Deep learning has been a hot topic this year, with high-profile announcements from companies like IBM, Facebook, Google, Nvidia, Qualcomm, and Tesla. Now, Intel is tossing its own hat into the ring by buying the deep learning software and hardware developer Nervana Systems.
Nervana Systems has a cloud-based AI system that it sells to customers who want to adapt deep learning for their own specific use-cases and businesses as well as a proprietary, GPU-specific framework dubbed Neon. The company’s third product hasn’t actually launched yet, but it might be the principle reason why Intel bought this company in particular. The Nervana Engine is an ASIC that focuses on the strengths of what GPUs bring to the table, rather than the not-insignificant amounts of hardware that ultimately aren’t useful to deep learning problems.
The reason that GPUs are useful for these kinds of applications is because they contain enormous arrays of cores that can be employed to solve complex problems. Resources like ROPs, texture caches, and FP64 (or even FP32) support aren’t particularly important for deep learning, however — that’s why Pascal’s 16-bit half-precision mode was something Nvidia talked up when it unveiled GP100 earlier this year. Nervana’s existing Neon engine already runs on Nvidia hardware, but Intel’s decision to buy the company will likely put an end to more permissive licensing arrangements.
Right now, Intel is stuck in a bit of a tight spot. The company’s consumer revenues have declined alongside the PC market’s downturn, but its data center and HPC markets remain quite healthy. Intel missed out on the entire mobile and tablet market, and already had to cancel its plans to create new business for itself in those spaces (a failure we chronicled in a two-part article earlier this year).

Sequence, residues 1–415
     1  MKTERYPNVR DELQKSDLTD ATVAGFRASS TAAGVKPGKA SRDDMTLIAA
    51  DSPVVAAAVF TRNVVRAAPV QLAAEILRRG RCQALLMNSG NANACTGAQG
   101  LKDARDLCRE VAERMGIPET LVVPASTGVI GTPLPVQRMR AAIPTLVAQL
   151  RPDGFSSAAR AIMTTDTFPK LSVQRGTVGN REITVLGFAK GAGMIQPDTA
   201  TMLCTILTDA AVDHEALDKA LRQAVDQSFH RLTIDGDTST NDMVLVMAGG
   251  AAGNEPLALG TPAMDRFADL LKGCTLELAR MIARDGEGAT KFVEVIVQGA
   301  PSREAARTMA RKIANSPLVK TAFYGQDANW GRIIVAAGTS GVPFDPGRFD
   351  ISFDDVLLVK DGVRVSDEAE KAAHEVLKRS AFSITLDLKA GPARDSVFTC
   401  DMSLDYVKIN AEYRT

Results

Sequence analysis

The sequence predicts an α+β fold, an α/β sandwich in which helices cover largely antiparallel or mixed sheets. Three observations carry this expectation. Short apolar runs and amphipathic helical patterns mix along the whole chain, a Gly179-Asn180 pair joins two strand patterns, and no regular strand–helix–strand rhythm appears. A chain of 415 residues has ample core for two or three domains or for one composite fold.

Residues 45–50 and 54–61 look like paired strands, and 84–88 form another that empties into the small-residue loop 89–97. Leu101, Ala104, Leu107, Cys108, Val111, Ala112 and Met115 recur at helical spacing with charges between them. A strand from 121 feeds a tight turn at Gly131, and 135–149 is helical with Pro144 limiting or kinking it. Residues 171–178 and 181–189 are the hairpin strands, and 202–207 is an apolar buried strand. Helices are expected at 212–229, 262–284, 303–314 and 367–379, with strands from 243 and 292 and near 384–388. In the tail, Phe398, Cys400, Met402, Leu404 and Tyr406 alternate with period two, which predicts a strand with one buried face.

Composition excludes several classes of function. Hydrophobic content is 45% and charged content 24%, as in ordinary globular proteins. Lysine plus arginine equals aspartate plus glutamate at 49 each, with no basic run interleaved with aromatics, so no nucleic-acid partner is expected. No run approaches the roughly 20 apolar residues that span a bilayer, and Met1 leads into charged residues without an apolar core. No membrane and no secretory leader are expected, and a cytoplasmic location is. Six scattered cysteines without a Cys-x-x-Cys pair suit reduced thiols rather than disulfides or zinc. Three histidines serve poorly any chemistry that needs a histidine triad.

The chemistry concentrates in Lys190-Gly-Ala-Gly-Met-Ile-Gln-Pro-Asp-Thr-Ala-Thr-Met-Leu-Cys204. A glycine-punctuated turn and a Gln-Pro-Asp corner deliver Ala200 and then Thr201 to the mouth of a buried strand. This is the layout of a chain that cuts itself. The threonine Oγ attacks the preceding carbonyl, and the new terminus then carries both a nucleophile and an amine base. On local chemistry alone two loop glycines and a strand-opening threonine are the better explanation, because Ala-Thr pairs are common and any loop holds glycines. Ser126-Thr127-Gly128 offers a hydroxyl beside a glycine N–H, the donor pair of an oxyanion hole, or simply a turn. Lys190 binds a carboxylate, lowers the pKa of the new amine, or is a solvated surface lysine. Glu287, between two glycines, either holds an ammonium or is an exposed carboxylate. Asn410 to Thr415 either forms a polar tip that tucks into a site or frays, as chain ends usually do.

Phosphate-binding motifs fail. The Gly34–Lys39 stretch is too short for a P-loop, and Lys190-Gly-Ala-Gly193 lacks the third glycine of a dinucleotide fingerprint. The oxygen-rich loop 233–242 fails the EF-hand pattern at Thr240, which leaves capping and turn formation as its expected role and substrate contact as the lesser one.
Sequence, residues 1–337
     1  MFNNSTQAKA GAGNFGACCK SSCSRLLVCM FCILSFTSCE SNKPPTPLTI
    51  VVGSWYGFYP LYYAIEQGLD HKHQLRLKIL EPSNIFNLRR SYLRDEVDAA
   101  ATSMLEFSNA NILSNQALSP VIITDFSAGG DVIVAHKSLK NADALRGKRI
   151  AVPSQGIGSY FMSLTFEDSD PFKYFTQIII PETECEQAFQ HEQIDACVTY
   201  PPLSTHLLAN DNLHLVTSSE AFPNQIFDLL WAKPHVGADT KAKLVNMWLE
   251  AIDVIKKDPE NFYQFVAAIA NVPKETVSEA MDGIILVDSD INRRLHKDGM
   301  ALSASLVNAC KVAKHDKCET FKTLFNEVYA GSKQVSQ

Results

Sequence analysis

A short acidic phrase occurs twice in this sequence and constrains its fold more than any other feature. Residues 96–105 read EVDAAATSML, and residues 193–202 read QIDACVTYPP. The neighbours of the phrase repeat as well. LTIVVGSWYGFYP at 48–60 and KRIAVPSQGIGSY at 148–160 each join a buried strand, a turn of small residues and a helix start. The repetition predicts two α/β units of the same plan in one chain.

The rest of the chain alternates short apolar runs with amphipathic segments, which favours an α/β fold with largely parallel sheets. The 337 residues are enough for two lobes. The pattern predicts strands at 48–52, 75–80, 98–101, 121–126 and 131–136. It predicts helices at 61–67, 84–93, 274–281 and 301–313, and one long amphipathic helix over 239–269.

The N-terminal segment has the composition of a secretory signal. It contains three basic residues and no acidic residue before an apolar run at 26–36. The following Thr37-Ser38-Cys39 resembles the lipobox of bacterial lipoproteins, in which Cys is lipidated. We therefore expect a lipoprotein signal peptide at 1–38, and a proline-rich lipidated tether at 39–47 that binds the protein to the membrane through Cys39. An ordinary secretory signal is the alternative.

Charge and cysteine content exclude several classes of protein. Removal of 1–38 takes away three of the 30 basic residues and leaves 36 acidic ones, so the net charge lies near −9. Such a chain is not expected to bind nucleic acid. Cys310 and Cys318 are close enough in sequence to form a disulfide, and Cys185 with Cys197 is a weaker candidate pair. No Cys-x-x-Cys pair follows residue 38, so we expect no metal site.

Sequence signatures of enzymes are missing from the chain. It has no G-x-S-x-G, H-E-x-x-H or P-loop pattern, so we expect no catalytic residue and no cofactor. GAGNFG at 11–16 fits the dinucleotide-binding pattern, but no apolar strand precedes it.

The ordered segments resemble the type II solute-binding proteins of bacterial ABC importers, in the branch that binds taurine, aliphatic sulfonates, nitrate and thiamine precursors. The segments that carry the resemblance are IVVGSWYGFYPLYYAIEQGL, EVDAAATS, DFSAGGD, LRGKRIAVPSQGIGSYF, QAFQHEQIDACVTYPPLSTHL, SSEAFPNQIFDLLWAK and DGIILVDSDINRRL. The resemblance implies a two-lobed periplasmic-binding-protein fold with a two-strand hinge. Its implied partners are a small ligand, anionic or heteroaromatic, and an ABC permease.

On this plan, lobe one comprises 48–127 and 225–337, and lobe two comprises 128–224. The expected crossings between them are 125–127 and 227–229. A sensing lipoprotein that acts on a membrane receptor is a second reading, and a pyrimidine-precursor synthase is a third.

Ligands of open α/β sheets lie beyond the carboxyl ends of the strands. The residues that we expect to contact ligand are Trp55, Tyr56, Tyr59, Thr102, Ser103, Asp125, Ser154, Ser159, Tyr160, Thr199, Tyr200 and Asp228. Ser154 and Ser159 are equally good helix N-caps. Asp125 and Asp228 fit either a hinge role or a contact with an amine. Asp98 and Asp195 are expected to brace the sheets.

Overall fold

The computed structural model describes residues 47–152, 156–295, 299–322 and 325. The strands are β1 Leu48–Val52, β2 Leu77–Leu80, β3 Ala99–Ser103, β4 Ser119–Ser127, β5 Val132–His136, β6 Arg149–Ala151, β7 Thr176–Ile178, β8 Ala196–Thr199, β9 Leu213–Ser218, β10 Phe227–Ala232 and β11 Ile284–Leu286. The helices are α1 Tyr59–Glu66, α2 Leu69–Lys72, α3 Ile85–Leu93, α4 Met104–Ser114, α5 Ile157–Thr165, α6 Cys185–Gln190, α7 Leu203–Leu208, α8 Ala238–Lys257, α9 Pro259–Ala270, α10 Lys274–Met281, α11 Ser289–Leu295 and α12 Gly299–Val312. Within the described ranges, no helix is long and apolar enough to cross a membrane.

This goes beyond not wanting to miss an emerging market, however. Intel has been acquiring companies with product lines and markets that stretch beyond its own dominance of the data center, consumer, and high performance computing markets. While products like Xeon Phi could theoretically be used for deep learning, Xeon Phi is designed to perform massive vector calculations, not the half-precision operations that a deep learning network uses. It also packs far fewer cores than an Nvidia Tesla or even an equivalent AMD card, though we’d caution against treating core counts as indicative of deep learning performance.
If deep learning is as central to the future of AI and computing as the industry has claimed, entering the market by acquiring a company with specialized ASIC hardware and proven designs is an excellent way for Intel to ensure that it remains relevant as computing continues to evolve. It could also be read as a tacit admission that Intel isn’t necessarily sure how to continue to push the evolution of microprocessors farther than it has already.
I’ve talked before about how Intel isn’t just dragging its feet on Moore’s law — there are fundamental limits to silicon engineering, and they aren’t going away. Moves like this could be read to mean that even Intel recognizes that the era of huge advances in general purpose compute performance are mostly over. Machines will continue to draw less power and be slightly more efficient over time, but the last major leap for Intel’s CPUs was Sandy Bridge over Nehalem. Haswell and Skylake were much more modest improvements.
Moving into markets like this gives Intel the opportunity to explore other types of compute architectures, not as replacements for x86, but as high-performance supplements to it.